Thursday 14 December 2017

Michael, we need to talk turkey about Kevin. . . and Eoin

The words "bombshell" and "Oireachtas committee" usually go together like, well, "Anglo" and "marvellous".

These committees are conscientious and meticulous in their questioning of individuals who come before them, but they are generally very sedate affairs. So sedate, in truth, that any lengthy exposure to such a session can leave one pining for a freshly-painted wall to observe.

And yesterday's gentle grilling of our current Irish member of the European Court of Auditors, Eoin O'Shea, over the unmerciful kerfuffle surrounding the Brussels thumbs-down for his nominated successor Kevin Cardiff, was tipping along sedately.

But just after 12.30pm a pair of Labour deputies, committee chairman Joe Costello and Colm Keaveney dramatically brandished a smoking email with the calm aplomb of a pair of highwaymen.

For it seems that the chap in the hot-seat, Eoin O'Shea had never received a vital memo. It's the one learned off by heart by anyone who has ever pressed 'Send' on an email penned amid a red mist, only to have a heart-sinking change of mind as it hares off down the electronic superhighway.

Suddenly it was less Court of Auditors and more Judge Judy. According to the email which was read out by Joe and Colm, the chap in front of them had fired off a missive to two MEPs who played a central role on Wednesday in the voting down of Kevin Cardiff at the first hurdle -- a potential debacle for the Government.

And it transpired Eoin hadn't been very complimentary about the man selected to take his seat on this particular Euro gravy-train next year. The Government, Eoin had informed MEP Jens Geier, were putting forward "an Irish civil servant" and was critical about Kevin Cardiff's role in dealing with the banking crisis.

Dear, oh, dear. How unsporting. So much for pulling on the green jersey for one's country. Eoin O'Shea tried to protest it was private correspondence and so he wasn't of a mind to answer questions on it. But sadly for Eoin that particular cat was out of the sack, to paraphrase Giovanni Trapattoni.

Assuming a contrite expression, he attributed the uncharitable missive to "a moment of madness". It turned out that he had written it after he had heard he was to be replaced.

"At that stage I may have been a little angry," he confessed.

"I shouldn't have sent that email -- I recognised that as soon as I sent it," he added, pulling on the sackcloth over his pinstripe suit.

And what's more, he now knew that Kevin Cardiff was a nice bloke, really.

"I revised my opinion, having met the gentleman," he told the room. "I apologise for sending the email -- I did it in a moment of heat," he explained.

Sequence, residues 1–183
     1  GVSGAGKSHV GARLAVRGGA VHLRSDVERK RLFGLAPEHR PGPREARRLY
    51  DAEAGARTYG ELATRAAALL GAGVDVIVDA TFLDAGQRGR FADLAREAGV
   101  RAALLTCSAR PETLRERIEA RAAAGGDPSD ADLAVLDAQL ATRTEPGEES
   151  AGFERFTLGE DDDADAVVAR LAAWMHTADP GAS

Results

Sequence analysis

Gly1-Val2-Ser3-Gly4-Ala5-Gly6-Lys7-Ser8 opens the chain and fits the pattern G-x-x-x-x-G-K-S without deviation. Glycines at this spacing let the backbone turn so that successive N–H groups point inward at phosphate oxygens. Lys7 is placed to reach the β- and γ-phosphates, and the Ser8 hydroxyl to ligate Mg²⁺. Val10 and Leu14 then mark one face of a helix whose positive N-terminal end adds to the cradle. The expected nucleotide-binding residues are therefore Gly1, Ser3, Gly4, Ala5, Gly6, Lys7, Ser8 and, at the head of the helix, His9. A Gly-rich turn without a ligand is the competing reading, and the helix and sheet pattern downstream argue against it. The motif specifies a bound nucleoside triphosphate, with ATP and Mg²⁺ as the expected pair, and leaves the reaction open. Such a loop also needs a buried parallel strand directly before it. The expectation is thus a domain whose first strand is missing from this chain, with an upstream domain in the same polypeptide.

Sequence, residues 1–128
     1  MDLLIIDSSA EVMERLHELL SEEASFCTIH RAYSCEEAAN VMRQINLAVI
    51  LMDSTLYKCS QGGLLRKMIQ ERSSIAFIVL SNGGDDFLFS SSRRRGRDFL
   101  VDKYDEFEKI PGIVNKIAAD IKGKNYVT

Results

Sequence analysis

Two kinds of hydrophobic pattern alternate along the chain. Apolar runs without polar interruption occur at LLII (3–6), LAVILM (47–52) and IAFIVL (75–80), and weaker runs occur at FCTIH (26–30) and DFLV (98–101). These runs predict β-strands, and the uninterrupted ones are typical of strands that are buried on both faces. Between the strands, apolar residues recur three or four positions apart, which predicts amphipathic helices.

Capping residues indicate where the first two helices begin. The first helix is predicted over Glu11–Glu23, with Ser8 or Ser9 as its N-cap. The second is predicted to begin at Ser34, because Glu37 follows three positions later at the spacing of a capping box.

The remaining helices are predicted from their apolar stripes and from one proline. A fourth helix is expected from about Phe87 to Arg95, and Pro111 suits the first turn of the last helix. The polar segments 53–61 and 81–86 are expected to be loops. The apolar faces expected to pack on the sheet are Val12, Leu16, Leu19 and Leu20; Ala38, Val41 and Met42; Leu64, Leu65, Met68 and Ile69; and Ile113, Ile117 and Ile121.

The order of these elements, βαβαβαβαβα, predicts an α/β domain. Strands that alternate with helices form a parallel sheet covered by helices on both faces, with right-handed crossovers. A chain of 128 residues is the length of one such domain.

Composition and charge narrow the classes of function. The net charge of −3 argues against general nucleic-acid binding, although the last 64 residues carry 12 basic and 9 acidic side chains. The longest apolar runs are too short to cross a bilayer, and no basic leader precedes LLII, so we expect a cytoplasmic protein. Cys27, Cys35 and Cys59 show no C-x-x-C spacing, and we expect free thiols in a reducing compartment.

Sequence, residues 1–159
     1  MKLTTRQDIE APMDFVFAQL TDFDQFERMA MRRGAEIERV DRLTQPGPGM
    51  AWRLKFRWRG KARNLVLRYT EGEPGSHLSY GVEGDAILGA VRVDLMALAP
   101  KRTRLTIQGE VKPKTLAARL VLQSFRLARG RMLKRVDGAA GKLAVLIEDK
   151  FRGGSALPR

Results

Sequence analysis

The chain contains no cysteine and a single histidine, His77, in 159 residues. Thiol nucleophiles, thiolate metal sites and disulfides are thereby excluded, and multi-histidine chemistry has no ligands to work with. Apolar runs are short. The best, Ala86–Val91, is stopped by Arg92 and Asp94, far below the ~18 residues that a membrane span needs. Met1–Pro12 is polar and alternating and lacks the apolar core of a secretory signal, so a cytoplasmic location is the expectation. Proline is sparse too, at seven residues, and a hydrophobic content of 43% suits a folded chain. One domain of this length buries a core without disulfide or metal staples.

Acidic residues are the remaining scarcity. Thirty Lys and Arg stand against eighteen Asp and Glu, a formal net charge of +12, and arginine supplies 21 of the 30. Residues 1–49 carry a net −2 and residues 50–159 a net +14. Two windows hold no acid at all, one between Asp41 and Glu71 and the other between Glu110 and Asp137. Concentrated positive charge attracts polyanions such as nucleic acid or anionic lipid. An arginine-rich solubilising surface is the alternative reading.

Goodness -- who knew such paroxysms of passion lurked in the breasts of our Brussels bureaucrats? However, after a sustained grilling it transpired that his moment of heat had lasted long enough for him to fire off the email to a second MEP, Ingeborg Grassle, as well.

And suddenly everybody wanted to talk about Kevin and Eoin.

A short while later, Finance Minister Michael Noonan turned up at the Four Seasons Hotel where he was due to address the American Chamber of Commerce Thanksgiving Day lunch.

But the media awaiting his arrival didn't wish to discuss trade links between Boston and Bohola. They wanted to talk turkey about the Cardiff Tiff.

But Michael was careful to steer clear of jumping into this Brussels bun-fight.

"We've had a cabinet meeting this morning, so I'm not fully across the story," he swerved.

However, he was standing by his man.

"The Government continues to back Kevin Cardiff's nomination, he's a decent public servant with a long record and as a matter of fact I would suggest that he's more qualified for the position than any of his predecessors, most of whom were senior politicians," he added.

But when pressed, Michael did tiptoe towards an opinion on the matter.

"I've just heard a report of what happened in the committee and it seems to me that Mr O'Shea requires to [give] a fuller explanation, but I'm not quite sure what he said in the committee," he said.

"These are quite sensitive matters," he added.

A while later, the Taoiseach and the Tanaiste and Minister Richard Bruton were launching their shiny new plan for jobs.

But again, everyone wanted to talk about Kevin and Eoin.

And Enda 'n' Eamon were singing almost word for word from the same hymn sheet. "I have to say that I was disappointed to find an independent officer of the court of auditors making such comments," said a disapproving Taoiseach.

"I agree with what the Taoiseach has said," echoed Eamon.

It's all a bit of a mess. There's no accounting for it. There's no double-counting for it, even.

Irish Independent

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